Here we discuss the domains of psychology and theology and what it means for each to “stay in their lane”; she introduces a distinction between implicit and explicit knowledge, and identifies the social- and self-imposed pressure to know everything with certainty; we reflect on the recent trends toward deconversion from faith in light of these pressures; and she offers psychologically grounded guidance for approaching doubt and ambiguity in a secure relational context, seeking to make the unspoken or implicit doubts explicit. Rather than remaining perched upon our individualized, certainty-driven house-of-card faith; she lays out a way to inhabit a flexible, resilient, and relationally grounded faith, tolerant of ambiguity and adaptive and secure amidst all our winds of doubt.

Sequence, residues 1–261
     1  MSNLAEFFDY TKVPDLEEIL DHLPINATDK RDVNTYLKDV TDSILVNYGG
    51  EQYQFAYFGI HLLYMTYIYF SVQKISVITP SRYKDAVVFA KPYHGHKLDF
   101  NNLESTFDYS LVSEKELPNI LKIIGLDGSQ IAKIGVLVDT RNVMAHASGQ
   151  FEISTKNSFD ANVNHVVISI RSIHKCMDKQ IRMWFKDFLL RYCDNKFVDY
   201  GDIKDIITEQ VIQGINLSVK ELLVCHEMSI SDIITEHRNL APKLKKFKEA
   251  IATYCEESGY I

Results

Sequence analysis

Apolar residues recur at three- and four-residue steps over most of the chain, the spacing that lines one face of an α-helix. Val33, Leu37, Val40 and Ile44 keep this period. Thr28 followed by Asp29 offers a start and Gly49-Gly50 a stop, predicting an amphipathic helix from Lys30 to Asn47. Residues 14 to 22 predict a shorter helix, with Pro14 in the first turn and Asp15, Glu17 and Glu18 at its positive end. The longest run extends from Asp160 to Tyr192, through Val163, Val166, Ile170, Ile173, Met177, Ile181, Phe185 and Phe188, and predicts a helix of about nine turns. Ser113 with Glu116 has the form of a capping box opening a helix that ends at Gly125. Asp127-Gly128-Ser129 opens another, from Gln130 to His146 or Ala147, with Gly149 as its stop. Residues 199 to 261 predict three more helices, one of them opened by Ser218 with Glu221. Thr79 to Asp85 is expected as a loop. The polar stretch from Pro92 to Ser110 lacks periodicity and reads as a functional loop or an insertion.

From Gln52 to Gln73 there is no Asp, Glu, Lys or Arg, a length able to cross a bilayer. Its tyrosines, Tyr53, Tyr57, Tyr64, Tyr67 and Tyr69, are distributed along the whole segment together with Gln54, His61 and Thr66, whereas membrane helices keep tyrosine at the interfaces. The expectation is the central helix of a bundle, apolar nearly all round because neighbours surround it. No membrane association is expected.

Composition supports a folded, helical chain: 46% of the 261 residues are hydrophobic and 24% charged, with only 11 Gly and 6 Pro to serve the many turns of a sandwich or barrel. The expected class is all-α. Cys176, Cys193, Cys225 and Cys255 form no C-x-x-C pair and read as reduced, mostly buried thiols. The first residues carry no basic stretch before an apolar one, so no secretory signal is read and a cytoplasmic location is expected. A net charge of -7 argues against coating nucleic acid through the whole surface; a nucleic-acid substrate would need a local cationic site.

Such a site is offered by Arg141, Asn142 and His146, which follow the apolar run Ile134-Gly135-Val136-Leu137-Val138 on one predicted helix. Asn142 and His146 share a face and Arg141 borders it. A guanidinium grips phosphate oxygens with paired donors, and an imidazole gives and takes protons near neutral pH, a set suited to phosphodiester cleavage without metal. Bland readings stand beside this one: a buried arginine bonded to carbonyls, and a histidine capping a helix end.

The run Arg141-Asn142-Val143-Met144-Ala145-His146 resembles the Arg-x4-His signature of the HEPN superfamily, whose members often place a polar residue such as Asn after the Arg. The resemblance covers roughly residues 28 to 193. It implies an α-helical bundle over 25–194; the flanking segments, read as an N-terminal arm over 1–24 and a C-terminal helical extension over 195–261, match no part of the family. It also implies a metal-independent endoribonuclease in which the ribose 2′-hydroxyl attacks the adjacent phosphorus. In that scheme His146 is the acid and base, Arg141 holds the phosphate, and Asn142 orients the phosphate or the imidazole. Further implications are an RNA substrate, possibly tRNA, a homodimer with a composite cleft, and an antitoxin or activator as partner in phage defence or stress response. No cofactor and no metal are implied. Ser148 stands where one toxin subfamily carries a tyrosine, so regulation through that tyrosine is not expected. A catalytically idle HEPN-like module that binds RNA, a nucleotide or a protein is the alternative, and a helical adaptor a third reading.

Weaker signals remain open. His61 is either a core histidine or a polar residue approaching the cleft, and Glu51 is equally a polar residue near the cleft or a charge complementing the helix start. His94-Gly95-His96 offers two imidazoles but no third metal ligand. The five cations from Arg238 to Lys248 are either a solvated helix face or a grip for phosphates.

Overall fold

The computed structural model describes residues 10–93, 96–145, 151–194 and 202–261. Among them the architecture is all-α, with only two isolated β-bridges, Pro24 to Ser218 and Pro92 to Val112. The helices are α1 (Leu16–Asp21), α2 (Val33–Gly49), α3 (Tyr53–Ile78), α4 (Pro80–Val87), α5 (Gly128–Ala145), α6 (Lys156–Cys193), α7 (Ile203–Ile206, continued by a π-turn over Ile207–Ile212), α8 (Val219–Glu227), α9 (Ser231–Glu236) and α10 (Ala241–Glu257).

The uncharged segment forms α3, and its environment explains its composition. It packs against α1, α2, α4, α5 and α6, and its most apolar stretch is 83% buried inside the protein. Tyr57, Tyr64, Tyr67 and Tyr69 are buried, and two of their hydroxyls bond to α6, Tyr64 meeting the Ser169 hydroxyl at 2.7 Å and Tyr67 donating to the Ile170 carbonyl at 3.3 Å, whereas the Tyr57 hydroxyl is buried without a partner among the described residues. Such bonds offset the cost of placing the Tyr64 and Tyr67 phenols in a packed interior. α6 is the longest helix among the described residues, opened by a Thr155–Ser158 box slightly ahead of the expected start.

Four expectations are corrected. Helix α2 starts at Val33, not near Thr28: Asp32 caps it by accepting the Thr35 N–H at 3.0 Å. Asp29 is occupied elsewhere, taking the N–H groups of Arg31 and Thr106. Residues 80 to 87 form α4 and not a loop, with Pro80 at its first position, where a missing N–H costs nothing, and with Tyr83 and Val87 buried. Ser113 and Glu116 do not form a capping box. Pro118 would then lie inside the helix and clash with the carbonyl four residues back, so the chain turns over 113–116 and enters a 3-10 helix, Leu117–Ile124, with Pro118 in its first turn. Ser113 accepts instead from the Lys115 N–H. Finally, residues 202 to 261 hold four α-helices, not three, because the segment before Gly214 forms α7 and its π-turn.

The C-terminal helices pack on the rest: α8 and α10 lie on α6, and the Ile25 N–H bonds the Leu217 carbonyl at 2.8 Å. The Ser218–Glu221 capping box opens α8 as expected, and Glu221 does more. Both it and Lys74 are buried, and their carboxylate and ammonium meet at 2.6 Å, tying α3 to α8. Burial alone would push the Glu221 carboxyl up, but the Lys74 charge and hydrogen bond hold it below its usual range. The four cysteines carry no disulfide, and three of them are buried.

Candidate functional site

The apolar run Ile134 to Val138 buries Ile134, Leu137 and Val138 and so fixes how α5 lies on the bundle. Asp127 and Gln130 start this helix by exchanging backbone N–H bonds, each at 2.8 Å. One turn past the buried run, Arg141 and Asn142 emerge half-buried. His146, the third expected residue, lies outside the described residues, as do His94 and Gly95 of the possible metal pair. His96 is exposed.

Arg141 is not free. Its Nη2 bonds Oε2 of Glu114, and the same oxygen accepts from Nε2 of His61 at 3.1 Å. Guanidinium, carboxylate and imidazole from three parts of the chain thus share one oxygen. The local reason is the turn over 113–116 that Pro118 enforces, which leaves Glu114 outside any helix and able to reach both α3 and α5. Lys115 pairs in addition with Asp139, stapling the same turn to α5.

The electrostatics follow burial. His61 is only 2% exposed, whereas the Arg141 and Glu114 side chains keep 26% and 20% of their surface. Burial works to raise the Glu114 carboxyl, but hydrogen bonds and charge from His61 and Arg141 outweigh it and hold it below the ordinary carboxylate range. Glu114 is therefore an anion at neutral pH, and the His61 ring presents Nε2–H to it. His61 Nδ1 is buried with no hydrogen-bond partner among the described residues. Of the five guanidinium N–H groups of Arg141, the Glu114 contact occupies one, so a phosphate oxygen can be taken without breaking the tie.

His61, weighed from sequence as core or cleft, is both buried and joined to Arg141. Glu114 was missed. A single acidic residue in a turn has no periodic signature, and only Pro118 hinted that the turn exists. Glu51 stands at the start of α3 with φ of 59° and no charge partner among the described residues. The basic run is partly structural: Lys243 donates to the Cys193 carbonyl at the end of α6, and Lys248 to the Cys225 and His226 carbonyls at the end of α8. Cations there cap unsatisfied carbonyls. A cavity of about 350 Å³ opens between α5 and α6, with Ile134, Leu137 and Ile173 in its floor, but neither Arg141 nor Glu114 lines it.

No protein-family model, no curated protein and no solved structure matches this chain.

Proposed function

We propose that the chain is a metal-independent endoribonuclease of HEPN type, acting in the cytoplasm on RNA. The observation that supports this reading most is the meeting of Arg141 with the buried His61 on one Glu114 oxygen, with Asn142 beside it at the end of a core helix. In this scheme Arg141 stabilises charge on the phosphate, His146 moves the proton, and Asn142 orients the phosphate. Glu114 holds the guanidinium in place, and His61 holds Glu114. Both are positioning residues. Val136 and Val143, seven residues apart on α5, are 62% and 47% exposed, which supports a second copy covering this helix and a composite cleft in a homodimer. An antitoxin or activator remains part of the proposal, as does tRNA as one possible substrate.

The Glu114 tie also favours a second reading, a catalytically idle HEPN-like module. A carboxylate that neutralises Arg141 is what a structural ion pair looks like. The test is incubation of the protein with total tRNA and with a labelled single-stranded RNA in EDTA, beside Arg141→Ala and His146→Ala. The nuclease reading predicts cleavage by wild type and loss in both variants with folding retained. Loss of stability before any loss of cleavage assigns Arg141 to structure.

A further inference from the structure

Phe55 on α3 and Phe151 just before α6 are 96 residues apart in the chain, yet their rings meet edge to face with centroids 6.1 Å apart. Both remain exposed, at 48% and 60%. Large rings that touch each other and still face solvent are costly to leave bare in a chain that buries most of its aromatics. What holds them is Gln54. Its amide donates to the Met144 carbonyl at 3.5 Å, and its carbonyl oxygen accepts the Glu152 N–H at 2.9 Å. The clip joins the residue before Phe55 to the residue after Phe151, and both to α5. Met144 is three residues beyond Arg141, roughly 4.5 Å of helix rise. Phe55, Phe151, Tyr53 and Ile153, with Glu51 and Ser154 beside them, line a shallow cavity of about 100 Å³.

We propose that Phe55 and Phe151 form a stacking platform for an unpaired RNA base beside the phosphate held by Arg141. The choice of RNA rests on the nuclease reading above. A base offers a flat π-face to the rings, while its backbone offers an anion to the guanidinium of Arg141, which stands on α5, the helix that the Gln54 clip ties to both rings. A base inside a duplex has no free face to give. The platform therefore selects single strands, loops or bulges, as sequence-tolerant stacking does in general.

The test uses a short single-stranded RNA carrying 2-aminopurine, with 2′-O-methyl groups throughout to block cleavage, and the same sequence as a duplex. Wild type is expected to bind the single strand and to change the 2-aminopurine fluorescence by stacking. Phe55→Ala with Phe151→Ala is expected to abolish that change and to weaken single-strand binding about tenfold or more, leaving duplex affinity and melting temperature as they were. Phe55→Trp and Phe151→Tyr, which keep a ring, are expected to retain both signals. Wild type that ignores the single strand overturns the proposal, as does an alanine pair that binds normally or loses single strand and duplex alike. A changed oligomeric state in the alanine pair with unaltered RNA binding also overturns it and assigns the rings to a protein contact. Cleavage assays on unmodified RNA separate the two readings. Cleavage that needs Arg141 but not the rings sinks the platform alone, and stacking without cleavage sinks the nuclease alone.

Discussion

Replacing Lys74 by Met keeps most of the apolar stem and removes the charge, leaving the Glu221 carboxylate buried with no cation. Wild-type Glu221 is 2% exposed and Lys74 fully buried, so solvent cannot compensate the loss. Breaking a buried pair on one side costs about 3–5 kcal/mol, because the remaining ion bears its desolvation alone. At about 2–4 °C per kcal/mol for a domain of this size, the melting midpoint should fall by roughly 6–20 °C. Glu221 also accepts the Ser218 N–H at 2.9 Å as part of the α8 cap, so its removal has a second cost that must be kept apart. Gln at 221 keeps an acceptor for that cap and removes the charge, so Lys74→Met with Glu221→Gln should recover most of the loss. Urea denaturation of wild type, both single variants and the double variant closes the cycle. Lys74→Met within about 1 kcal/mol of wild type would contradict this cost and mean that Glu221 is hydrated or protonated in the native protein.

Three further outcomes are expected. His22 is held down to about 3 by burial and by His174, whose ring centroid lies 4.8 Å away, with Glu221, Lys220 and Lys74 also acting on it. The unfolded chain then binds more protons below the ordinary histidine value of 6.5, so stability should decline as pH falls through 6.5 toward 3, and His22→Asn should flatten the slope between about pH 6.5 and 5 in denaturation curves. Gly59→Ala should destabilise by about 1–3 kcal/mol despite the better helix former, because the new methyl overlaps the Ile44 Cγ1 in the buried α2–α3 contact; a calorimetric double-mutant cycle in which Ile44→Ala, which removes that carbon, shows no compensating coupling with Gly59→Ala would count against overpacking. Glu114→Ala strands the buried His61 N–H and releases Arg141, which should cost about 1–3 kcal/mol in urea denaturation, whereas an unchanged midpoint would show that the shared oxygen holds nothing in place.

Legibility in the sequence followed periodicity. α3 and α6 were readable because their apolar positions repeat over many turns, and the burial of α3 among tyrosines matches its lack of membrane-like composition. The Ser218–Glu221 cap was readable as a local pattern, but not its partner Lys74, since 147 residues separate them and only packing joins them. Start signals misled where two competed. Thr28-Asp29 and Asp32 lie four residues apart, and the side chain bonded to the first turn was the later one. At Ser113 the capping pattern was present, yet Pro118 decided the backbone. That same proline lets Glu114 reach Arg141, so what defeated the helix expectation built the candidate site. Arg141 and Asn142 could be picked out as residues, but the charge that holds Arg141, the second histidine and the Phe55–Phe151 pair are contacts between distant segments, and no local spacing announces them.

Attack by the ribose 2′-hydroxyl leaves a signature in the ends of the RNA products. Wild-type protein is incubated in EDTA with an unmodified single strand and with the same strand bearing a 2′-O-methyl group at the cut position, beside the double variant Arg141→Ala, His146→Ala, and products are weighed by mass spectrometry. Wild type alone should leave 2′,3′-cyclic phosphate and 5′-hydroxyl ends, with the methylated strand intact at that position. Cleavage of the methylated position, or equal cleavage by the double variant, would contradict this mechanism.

About Elizabeth Hall
M. Elizabeth Lewis Hall (PhD, Rosemead School of Psychology) is professor of psychology at Rosemead School of Psychology at Biola University, where she teaches courses on the integration of psychology and theology. She has published over 100 articles and book chapters and serves as associate editor for Psychology of Religion and Spirituality. She lives in Whittier, California, with her husband, Todd, and her two sons.
- Relational Spirituality: A Psychological-Theological Paradigm for Transformation
- On the integration of psychology and Christianity in life
- Vocationally; psychology is the “little area of God’s creation” where she gets to work, she attempts to bring it back to Jesus’s lordship